Some other more generalized reasons for why people choose to invest in gold are as follows:

  • It is durable - it doesn't corrode.
  • It is divisible and homogeneous - you can break it up into smaller amounts.
  • It is easily recognisable and hard to counterfeit.
  • It has a stable supply because it is hard to get out of the ground.
  • It is portable.
  • It has a strong history accepted as a medium to facilitate exchanges. 
Keep in mind, however, that gold does experience wild swings in popularity amongst both central governments and investors, and thus can leave even astute and Intelligent Investors in substantial negative territory for some time in dollar terms. So buying gold is not a sure-fire way to curb against inflation, but included in a basket of resources it is a nice start.

Cheers and happy investing!


Saturday, October 20, 2012

HP (NYSE:HPQ): Un-Loved and Under-Appreciated.

Investors have driven shares in HP down over 41% this last year, and down over 71% in a five year period. The turnaround plan under Meg Whitman seems to be going nowhere, and investors are concerned that a trend toward tablets will destroy personal computer sales. We are seeing this same concern drive down shares in both Intel and Microsoft as well recently.
There are, however, some things to love about Hewlett Packard:
1) The company is expected to earn over $7 Billion in profits next year. With a market capitalization currently of about $28 Billion, that represents a multiple of only 4 times! Paying four times earnings for a company represents an earnings yield on your investment of 25%! Not bad for a brand-name technology titan that definitely has the balance sheet to stay competitive for some time to come.
2) The company recognizes that it is facing problems, is not in denial, and is actively engaging in cost-cutting and turnaround efforts.
3) The company pays a dividend of 3.65%. In today's low-rate environment a dividend over 3% represents a reasonable return on your savings, and since the company is currently trading at a low multiple to next year's earnings, there is up-side potential in the stock as well.
4) The company is #1 or #2 in a wide number of product markets. Though many think of HP as primarily a PC manufacturer, it has leading positions in servers, storage, networking, software, systems management, and printers as well. Essentially, the company began diversification efforts long-ago, and they have paid-off. As PC sales decline, other units of the company should be able to pick up the slack.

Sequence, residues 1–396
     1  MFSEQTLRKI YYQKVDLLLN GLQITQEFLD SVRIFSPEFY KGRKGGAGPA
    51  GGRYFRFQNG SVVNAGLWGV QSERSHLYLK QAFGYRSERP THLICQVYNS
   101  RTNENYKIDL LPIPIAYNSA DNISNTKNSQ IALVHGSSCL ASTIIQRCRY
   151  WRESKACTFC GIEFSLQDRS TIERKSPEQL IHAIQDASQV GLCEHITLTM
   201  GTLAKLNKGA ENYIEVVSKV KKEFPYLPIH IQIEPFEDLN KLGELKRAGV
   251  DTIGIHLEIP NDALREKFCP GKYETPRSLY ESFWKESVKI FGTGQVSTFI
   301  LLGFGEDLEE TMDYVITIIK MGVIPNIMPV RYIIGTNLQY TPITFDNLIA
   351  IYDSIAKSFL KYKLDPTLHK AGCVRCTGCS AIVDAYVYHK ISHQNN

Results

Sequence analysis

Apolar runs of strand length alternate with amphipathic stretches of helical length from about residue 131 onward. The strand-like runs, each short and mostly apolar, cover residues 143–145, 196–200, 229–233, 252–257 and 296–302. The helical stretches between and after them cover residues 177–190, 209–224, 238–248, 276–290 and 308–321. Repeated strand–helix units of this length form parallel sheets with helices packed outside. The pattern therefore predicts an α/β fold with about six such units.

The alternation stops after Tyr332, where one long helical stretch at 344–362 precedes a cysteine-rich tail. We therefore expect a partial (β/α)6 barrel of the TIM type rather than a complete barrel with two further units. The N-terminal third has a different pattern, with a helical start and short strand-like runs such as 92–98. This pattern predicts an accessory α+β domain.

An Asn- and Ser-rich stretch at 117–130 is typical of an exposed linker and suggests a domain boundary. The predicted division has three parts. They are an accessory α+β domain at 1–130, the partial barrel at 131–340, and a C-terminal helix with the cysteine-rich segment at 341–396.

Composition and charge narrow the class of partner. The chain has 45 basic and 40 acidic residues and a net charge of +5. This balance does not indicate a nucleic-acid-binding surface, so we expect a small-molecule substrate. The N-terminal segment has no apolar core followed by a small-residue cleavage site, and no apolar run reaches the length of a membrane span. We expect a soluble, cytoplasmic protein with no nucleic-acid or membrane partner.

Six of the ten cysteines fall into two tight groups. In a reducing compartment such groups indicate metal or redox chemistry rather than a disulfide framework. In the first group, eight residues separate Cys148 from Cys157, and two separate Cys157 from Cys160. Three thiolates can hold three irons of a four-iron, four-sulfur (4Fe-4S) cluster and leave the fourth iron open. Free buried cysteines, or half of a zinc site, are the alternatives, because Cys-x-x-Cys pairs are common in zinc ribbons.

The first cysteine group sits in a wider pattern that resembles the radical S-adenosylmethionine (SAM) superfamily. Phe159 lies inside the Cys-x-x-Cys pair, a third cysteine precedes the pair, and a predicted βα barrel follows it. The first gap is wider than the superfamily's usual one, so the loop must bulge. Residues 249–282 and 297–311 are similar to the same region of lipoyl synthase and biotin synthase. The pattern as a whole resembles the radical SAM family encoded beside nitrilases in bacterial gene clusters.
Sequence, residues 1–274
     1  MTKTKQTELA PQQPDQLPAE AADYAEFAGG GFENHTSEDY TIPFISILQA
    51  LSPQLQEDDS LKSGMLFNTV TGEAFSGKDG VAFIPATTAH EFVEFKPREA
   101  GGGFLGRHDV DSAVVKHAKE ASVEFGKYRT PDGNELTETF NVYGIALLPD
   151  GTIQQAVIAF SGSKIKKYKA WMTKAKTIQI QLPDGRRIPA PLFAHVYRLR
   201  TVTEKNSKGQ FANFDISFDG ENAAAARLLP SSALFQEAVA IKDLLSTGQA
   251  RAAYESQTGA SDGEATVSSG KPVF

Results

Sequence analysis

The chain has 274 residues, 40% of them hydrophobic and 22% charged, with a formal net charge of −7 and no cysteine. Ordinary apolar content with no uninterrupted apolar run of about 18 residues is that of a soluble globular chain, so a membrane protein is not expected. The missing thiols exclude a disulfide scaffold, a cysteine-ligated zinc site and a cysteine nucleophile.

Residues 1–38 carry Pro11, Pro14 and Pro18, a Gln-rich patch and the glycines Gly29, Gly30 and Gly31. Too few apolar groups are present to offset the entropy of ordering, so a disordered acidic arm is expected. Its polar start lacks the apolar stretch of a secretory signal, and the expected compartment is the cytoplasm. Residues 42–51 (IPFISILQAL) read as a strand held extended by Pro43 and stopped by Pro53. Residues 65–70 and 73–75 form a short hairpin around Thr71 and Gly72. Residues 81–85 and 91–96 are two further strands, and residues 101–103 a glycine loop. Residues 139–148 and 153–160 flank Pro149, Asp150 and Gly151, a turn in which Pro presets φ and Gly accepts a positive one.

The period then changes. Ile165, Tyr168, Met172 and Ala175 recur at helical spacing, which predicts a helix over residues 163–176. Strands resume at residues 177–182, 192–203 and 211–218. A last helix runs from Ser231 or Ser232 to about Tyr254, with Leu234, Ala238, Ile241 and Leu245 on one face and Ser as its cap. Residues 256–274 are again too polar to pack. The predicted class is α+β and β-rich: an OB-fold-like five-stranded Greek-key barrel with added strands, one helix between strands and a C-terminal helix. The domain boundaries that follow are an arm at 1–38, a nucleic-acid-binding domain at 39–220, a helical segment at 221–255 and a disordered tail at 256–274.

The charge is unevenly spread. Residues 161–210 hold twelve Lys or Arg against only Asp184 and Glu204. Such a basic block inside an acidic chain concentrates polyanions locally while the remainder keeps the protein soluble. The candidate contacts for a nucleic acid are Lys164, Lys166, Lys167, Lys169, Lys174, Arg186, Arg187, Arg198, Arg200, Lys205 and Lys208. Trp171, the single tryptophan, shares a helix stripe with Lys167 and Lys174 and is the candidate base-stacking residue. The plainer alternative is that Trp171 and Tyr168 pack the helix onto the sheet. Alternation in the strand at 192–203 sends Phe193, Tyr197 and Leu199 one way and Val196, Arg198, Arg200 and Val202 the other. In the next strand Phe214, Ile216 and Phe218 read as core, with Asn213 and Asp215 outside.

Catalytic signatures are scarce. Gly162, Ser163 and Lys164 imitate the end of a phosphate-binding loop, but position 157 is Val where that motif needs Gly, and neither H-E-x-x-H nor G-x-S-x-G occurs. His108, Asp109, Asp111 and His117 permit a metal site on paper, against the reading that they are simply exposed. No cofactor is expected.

Of course, no technology investment is without a higher degree of risk, but HP is definitely worth a look for the Intelligent Investor.
Cheers, and happy investing!

Monday, October 1, 2012

Tim Horton's Rises in Zagat Survey. Now 5th in the United States. Expansion Continues.

Tim Horton's is now listed as one of the best fast-food restaurants south of the border. Having put itself up against stiff and entrenched competition from global super-powers, such as Starbucks and McDonald's, Tim's has proven itself to be a formidable Canadian competitor.

Last year, Tim Horton's was ranked 22nd in the same survey, so this represents a small victory for the Canadian chain. Brand recognition is still nowhere near as strong as it is north of the border, but it is successfully using its Canadian stronghold to pour resources into the American market.

There are now over 700 Tim's locations in the United States, and another 80 to 100 Tim Horton's stores will be added in 2012.

Intelligent Investors, be sure to keep a pulse on Tim Horton's shares as they further expand in the United States. The American market is huge and has lots of opportunity.